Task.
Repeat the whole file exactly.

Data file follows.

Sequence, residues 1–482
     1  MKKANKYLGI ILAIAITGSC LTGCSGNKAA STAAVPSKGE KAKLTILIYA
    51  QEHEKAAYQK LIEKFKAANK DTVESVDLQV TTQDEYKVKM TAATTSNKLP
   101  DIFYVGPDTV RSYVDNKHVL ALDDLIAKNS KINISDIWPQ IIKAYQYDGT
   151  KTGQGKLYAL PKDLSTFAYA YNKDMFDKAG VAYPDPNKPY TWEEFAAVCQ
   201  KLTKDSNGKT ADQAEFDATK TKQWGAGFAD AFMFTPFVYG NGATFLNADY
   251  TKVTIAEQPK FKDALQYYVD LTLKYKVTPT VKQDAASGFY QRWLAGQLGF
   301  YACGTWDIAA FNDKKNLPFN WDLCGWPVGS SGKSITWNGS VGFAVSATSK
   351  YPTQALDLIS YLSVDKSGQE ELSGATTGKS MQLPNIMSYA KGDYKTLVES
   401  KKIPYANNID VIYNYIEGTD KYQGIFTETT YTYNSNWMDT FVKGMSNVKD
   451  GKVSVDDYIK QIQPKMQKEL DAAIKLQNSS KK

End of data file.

Sequence, residues 1–482
     1  MKKANKYLGI ILAIAITGSC LTGCSGNKAA STAAVPSKGE KAKLTILIYA
    51  QEHEKAAYQK LIEKFKAANK DTVESVDLQV TTQDEYKVKM TAATTSNKLP
   101  DIFYVGPDTV RSYVDNKHVL ALDDLIAKNS KINISDIWPQ IIKAYQYDGT
   151  KTGQGKLYAL PKDLSTFAYA YNKDMFDKAG VAYPDPNKPY TWEEFAAVCQ
   201  KLTKDSNGKT ADQAEFDATK TKQWGAGFAD AFMFTPFVYG NGATFLNADY
   251  TKVTIAEQPK FKDALQYYVD LTLKYKVTPT VKQDAASGFY QRWLAGQLGF
   301  YACGTWDIAA FNDKKNLPFN WDLCGWPVGS SGKSITWNGS VGFAVSATSK
   351  YPTQALDLIS YLSVDKSGQE ELSGATTGKS MQLPNIMSYA KGDYKTLVES
   401  KKIPYANNID VIYNYIEGTD KYQGIFTETT YTYNSNWMDT FVKGMSNVKD
   451  GKVSVDDYIK QIQPKMQKEL DAAIKLQNSS KK